Cairo Conference

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Generalissimo Chiang Kai-shek, Franklin D. Roosevelt, and Winston Churchill at the Cairo Conference, 25 November 1943 Cairo conference.jpg
Generalissimo Chiang Kai-shek, Franklin D. Roosevelt, and Winston Churchill at the Cairo Conference, 25 November 1943

The Cairo Conference (codenamed Sextant [1] ) of November 22–26, 1943, held in Cairo, Egypt, outlined the Allied position against Japan during World War II and made decisions about postwar Asia.

Cairo Capital and largest city of Egypt

Cairo is the capital of Egypt. The city's metropolitan area is one of the largest in Africa and the 15th-largest in the world, and is associated with ancient Egypt, as the famous Giza pyramid complex and the ancient city of Memphis are located in its geographical area. Located near the Nile Delta, modern Cairo was founded in 969 AD by the Fatimid dynasty, but the land composing the present-day city was the site of ancient national capitals whose remnants remain visible in parts of Old Cairo. Cairo has long been a centre of the region's political and cultural life, and is titled "the city of a thousand minarets" for its preponderance of Islamic architecture. Cairo is considered a World City with a "Beta +" classification according to GaWC.

Kingdom of Egypt 1922-1953 kingdom in Northern Africa

The Kingdom of Egypt was the de jure independent Egyptian state established under the Muhammad Ali Dynasty in 1922 following the Unilateral Declaration of Egyptian Independence by the United Kingdom. Until the Anglo-Egyptian treaty of 1936, the Kingdom was only nominally independent, since the British retained control of foreign relations, communications, the military and the Anglo-Egyptian Sudan. Between 1936 and 1952, the British continued to maintain military presence and political advisers, at a reduced level.

Allies of World War II Grouping of the victorious countries of World War II

The Allies of World War II, called the "United Nations" from the 1 January 1942 declaration, were the countries that together opposed the Axis powers during the Second World War (1939–1945). The Allies promoted the alliance as a means to control German, Japanese and Italian aggression.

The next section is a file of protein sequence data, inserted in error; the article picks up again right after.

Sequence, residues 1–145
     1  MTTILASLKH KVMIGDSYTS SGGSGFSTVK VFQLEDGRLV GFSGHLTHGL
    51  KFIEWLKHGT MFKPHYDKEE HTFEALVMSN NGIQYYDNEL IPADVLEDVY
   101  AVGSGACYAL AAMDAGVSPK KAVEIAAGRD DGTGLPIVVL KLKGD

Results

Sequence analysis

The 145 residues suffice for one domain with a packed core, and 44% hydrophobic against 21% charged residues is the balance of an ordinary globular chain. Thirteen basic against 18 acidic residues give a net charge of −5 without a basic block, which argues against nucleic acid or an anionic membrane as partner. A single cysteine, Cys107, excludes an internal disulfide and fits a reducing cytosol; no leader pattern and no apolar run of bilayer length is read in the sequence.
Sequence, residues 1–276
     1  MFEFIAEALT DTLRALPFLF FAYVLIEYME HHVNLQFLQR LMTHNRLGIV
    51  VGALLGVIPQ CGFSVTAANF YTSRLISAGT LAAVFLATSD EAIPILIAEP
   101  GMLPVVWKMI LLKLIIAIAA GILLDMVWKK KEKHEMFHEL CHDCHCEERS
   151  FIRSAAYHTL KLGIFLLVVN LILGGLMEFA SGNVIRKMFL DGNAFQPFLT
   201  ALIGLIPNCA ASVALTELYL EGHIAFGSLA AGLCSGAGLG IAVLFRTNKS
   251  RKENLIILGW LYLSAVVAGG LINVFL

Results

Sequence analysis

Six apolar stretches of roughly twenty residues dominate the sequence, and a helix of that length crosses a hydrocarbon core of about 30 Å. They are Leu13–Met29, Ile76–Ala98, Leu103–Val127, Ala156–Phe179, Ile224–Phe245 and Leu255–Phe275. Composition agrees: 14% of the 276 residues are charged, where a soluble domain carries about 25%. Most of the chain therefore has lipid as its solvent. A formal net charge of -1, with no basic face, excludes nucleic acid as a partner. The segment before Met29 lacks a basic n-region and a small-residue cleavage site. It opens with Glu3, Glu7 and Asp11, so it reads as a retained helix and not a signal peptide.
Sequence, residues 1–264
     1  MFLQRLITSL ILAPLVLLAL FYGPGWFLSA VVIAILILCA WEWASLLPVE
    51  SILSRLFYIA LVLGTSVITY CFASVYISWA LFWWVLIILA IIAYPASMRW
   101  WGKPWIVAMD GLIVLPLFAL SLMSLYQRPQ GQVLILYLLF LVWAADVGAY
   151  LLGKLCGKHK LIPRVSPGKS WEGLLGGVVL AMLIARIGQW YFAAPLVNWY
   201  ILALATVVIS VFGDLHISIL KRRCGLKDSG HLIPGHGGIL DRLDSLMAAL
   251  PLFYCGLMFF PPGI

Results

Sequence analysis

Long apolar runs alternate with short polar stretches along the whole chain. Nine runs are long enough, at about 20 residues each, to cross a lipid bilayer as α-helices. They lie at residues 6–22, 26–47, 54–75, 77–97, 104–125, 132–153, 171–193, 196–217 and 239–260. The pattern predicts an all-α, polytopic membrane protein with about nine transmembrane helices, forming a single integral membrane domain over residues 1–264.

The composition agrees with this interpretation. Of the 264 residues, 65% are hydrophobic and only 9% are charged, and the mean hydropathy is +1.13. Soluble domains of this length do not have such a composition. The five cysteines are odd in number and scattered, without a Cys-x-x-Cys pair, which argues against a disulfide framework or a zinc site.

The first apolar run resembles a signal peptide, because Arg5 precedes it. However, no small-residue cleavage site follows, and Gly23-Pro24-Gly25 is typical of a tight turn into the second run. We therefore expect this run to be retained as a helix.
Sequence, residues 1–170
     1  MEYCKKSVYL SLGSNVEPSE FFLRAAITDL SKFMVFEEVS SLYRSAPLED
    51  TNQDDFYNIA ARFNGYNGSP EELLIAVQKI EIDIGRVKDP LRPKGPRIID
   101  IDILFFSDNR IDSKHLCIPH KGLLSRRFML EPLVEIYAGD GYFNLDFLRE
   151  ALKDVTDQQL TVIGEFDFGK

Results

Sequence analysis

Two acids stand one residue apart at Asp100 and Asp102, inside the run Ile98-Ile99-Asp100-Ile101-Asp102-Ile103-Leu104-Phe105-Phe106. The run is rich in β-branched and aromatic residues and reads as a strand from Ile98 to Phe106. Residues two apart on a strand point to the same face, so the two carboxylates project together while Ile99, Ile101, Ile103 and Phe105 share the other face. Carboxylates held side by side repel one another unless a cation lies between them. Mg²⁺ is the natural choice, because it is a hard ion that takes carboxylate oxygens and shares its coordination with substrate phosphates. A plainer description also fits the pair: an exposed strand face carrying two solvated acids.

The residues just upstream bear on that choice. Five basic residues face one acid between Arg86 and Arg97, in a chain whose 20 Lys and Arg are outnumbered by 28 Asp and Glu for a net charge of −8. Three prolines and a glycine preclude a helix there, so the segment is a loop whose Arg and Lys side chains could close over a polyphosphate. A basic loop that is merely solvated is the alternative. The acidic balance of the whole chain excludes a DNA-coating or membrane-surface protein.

Contents

Description

The meeting was attended by President of the United States Franklin Roosevelt, Prime Minister of the United Kingdom Winston Churchill, and Generalissimo Chiang Kai-shek of the Republic of China. Soviet leader Joseph Stalin did not attend the conference because his meeting with Chiang could have caused friction between the Soviet Union and Japan. (The Soviet-Japanese Neutrality Pact of 1941 was a five-year agreement of neutrality between the two nations; in 1943 the Soviet Union was not at war with Japan, whereas China, the U.K. and the U.S. were.)

President of the United States Head of state and of government of the United States

The president of the United States (POTUS) is the head of state and head of government of the United States of America. The president directs the executive branch of the federal government and is the commander-in-chief of the United States Armed Forces.

Franklin D. Roosevelt 32nd president of the United States

Franklin Delano Roosevelt, often referred to by his initials FDR, was an American statesman and political leader who served as the 32nd president of the United States from 1933 until his death in 1945. A member of the Democratic party, he won a record four presidential elections and became a central figure in world events during the first half of the 20th century. Roosevelt directed the federal government during most of the Great Depression, implementing his New Deal domestic agenda in response to the worst economic crisis in U.S. history. As a dominant leader of his party, he built the New Deal Coalition, which realigned American politics into the Fifth Party System and defined American liberalism throughout the middle third of the 20th century. His third and fourth terms were dominated by World War II. Roosevelt is widely considered to be one of the most important figures in American history, as well as among the most influential figures of the 20th century. Though he has been subject to substantial criticism, he is generally rated by scholars as one of the three greatest U.S. presidents, along with George Washington and Abraham Lincoln.

Prime Minister of the United Kingdom Head of UK Government